Slovak president refuses to approve new cabinet
Slovak President Andrej Kiska refused Tuesday to approve a proposed new government, insisting a more stable line-up was needed to ease tensions after the last prime minister quit in a scandal over the murder of a journalist.
Kiska said he had rejected the line-up proposed by acting prime minister Peter Pellegrini, whose predecessor Robert Fico quit last week.
“I told him I would not appoint the cabinet line-up that he has proposed,” Kiska told reporters. He said he had given Pellegrini until Friday to propose a new team.
Pellegrini “has to create a stable government, whose composition, especially regarding the position of the minister of interior, can calm the tense atmosphere in our society,” the president said.
Pellegrini was chosen last week to lead a three-party coalition government in place of his ally Fico.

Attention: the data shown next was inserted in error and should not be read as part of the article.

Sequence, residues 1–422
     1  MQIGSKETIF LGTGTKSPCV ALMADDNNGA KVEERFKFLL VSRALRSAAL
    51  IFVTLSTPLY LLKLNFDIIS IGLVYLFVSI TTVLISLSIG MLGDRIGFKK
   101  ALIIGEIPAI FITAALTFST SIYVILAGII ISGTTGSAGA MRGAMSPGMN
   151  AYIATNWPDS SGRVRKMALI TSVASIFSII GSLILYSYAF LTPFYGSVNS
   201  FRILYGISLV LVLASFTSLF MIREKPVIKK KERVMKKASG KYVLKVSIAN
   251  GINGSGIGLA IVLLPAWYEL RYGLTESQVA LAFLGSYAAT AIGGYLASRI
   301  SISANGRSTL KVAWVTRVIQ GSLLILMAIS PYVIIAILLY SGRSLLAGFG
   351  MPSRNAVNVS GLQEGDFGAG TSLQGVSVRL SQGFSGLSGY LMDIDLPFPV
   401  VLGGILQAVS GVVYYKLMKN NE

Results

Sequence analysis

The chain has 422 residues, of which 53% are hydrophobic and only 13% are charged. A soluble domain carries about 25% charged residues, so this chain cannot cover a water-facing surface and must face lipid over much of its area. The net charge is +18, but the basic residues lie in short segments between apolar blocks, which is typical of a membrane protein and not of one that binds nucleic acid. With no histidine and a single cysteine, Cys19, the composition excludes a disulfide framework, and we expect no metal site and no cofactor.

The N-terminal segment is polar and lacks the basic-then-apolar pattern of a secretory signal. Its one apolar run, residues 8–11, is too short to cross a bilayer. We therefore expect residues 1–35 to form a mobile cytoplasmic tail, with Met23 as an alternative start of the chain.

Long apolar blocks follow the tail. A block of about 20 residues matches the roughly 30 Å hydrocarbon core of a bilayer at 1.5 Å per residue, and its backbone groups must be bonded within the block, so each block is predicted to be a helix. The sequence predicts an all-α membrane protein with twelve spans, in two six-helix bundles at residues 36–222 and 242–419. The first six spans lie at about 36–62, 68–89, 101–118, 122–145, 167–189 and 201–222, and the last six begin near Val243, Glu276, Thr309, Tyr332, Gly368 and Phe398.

Fico resigned after journalist Jan Kuciak’s death sparked anti-government protests and raised concern about media freedom and corruption.
Kuciak and his fiancee, both 27, were found shot dead last month in their home near Bratislava.
Police said Kuciak’s death was “most likely” related to his investigation into alleged ties between top politicians and Italian mafia.
Pellegrini’s proposed line-up had showed little change and featured an interior minister nominee whom Kiska indirectly criticised for having close ties to the man he was to replace.
Pellegrini had proposed health ministry official Jozef Raz to take over as interior minister from Robert Kalinak, who resigned because of the political crisis.
Raz had attended Kalinak’s 40th birthday party and told local media that they knew each other through the motorbike scene.
“The last thing we need is a discussion of who was motorcycling with whom or attending whose birthday parties,” Kiska said Tuesday.
He added that the new cabinet must “be able to convince the public that it will secure an independent and impartial investigation of the murder of Jan Kuciak and Martina Kusnirova, as well as the suspicions regarding organised crime that the murdered journalist was writing about.”
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